Mosque of Al-Hakim
The square-towered Bab an-Nasr (Gate of Victory) and the rounded Bab al-Futuh were built in 1087 as the two main northern entrances to...
Just south of Suleiman’s sabil, the narrow lane Darb al-Asfar runs to the east. With its new paving stones and elaborate mashrabiyya ...
Khanqah & Mausoleum of Sultan Beybars al-Gashankir
Built in 1310, this khanqah is one of the city’s first. It’s distinguished by its stubby minaret, topped with a small ribbed dome....
Sharia al-Galal · interesting places nearby
Mosque of Al-Hakim information
Built into the northern walls, this mosque is the work of the sixth Fatimid ruler of Egypt, who took the throne at the age of 11 and whose tutor nicknamed him ‘Little Lizard’ because of his frightening looks and behaviour. His 24-year reign was marked by violence and behaviour that went far beyond the usual court intrigues; modern historians speculate he may simply have been insane. Those nearest to him lived in constant fear for their lives. He had his nicknaming tutor killed, along with scores of others. A victorious general rushing unannounced into the royal apartments was confronted by a bloodied Hakim standing over a disembowelled page boy. The general was beheaded.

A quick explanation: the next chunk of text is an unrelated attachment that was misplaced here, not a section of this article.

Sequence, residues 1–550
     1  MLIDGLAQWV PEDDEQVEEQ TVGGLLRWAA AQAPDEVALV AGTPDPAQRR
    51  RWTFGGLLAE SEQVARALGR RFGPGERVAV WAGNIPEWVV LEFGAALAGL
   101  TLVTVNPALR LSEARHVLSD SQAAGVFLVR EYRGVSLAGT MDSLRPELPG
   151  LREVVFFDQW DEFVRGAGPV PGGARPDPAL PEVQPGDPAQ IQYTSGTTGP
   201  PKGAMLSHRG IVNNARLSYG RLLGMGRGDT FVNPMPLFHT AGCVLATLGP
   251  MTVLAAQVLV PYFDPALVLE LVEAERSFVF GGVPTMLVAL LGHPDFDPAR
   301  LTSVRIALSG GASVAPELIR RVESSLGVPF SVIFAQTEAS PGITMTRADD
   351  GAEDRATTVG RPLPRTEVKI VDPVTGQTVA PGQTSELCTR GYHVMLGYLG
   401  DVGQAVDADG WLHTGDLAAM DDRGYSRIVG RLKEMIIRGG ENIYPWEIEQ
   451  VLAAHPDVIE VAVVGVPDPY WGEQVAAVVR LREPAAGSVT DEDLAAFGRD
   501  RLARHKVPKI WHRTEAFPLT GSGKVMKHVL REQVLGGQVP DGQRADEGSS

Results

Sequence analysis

Hakim reputedly often patrolled the streets in disguise, riding a donkey. Most notoriously, he punished dishonest merchants by having them dealt with by a well-endowed black servant. His death was as bizarre as his life. On one of his solitary nocturnal jaunts up onto the Muqattam Hills, Hakim simply disappeared; his body was never found. To one of his followers, a man called Al-Darizy, this was proof of Hakim’s divine nature. From this seed Al-Darizy founded the sect of the Druze that continues to this day.
Completed in 1013, the vast Mosque of Al-Hakim is one of Cairo’s older mosques but it was rarely used for worship. Instead it functioned as a Crusaders’ prison, a stable, a warehouse, a boys’ school and, most appropriately considering its notorious founder, a madhouse. An Ismaili Shiite group restored the mosque in the 1980s, but with its open-plan square and spare decoration, it’s not nearly as interesting as the man behind it. The real masterpieces are the two stone minarets, the earliest surviving in the city (thanks in part to a post-earthquake restoration in 1304 by Beybars al-Gashankir).